Despite completing seven broker-dealer acquisitions in six years and with another one pending, Toronto-Dominion Bank is still not ready to put away its checkbook.
TD Waterhouse Group, the New York-based discount brokerage arm of the Canadian bank, is intent on growing through acquisitions or joint ventures, said Stephen D. McDonald, its chief executive officer and a bank vice chairman.
The company plans to have an operation on the ground in Japan by the end of the year and is currently talking to a number of possible joint-venture partners there. However, Mr. McDonald indicated that the next acquisition or joint venture could occur elsewhere. TD Waterhouse is also actively exploring opportunities elsewhere in Asia and in Europe, he said.
"Our intention is to globalize our business," Mr. McDonald said. "We need to be in every major securities market."
Mr. McDonald has headed the brokerage unit since April. He succeeded Duncan Gibson, now vice chairman of the commercial bank. Mr. McDonald described the acquisition strategy as preferable to building a global presence using internal resources, which he said can be "time consuming and expensive."
Like other financial services companies, TD Waterhouse is trying to capture the wave of retail investors looking to capitalize on an enduring bull market.
Toronto-Dominion made its first brokerage acquisition in Canada in 1993. Since then, the bank has added to its empire in the United States, Australia, and the United Kingdom, where it announced its most recent transaction just last week. The $15.7 million deal for the Bradford-based broker-dealer YorkShare, a subsidiary of the Yorkshire Building Society, is pending regulatory approval. TD Waterhouse, which also has a presence in Hong Kong, now employs roughly 6,000 people around the world.
Competing in the global discount brokerage arena demands currency, and in June TD Waterhouse went public, raising $1 billion to fuel its expansion plans. The company will launch a $100 million branding campaign next week.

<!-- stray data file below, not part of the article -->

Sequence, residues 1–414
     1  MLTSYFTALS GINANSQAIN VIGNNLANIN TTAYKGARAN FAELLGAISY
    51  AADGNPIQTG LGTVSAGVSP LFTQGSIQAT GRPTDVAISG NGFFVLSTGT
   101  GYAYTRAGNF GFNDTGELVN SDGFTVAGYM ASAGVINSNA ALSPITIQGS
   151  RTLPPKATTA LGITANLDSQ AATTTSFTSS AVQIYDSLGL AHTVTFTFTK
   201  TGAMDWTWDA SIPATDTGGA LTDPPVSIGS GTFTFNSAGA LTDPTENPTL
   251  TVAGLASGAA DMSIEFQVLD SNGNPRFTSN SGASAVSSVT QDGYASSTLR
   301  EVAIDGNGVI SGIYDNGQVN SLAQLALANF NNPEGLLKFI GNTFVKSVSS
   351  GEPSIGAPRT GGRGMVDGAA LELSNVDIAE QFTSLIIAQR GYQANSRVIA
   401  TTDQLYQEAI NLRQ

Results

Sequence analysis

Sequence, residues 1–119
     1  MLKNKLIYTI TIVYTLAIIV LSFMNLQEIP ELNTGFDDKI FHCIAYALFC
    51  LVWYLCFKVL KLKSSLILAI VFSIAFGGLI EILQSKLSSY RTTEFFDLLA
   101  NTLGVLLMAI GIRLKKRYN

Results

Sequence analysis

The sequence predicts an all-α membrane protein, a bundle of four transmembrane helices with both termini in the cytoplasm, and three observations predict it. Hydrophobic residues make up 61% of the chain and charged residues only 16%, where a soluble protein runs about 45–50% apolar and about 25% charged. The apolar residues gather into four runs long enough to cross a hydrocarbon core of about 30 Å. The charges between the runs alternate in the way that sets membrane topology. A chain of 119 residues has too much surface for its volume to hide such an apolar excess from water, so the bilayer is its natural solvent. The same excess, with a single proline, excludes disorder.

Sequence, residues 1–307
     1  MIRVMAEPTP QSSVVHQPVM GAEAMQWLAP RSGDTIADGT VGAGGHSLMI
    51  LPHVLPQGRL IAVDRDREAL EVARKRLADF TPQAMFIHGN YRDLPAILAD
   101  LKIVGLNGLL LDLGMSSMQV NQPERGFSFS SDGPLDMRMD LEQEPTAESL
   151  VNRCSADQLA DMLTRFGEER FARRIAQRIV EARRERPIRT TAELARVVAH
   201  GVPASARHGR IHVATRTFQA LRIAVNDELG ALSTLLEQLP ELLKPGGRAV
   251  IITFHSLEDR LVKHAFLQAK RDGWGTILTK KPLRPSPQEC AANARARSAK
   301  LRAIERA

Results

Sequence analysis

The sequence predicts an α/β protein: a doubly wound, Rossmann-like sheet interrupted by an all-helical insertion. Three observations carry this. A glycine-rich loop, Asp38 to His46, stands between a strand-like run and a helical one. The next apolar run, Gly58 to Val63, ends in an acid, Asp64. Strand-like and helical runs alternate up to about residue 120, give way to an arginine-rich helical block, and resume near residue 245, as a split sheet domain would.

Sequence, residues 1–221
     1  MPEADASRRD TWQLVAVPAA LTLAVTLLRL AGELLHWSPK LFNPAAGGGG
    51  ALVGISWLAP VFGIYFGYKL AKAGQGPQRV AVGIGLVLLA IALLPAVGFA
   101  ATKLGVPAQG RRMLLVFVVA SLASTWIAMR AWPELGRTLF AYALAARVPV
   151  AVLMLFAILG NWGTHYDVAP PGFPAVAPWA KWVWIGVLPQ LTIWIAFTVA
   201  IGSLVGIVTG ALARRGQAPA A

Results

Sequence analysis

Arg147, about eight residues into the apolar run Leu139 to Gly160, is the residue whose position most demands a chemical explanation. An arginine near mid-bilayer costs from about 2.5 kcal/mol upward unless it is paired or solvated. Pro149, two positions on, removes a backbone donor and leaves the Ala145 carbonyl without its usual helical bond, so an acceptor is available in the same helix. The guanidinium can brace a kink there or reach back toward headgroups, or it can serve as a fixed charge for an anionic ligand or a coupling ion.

Toronto-Dominion has been vocal about modeling itself on Charles Schwab & Co. of San Francisco, which, with 6.2 million active customer accounts, is currently the biggest discount brokerage in the world. With 2.1 million accounts, TD Waterhouse is No. 2, though not quite a close second, conceded Mr. McDonald.
"We have been growing at a faster rate than Schwab," he said. A Schwab spokesman said it does not comment on the competition as a matter of policy.
TD Waterhouse may have to capture more than just accounts to catch up with Schwab, said Michael Gazala, research director at Forrester Research in Cambridge, Mass.
"Having the largest number of customers is not the most important factor,'' said Mr. Gazala.
Schwab has distinguished itself as a "mid-tier" broker, offering customers both electronic and full-service access, said Mr. Gazala.
Mr. McDonald said that TD Waterhouse's model, which he describes as "a combination of bricks and clicks" is just such a hybrid of full-service and discount brokerage.
"Our intention is to provide as broad an array of financial products as possible," he said. Last month, TD Waterhouse took a step in that direction when it electronically linked its Waterhouse National Bank with the brokerage unit.
Waterhouse National Bank will allow TD Waterhouse to gain deeper market penetration in the United States, said Michael Goldberg, an equity analyst with HSBC Securities Canada. In addition to increasing market share through acquisition, "they are selling those customers other things through the bank,'' Mr. Goldberg said.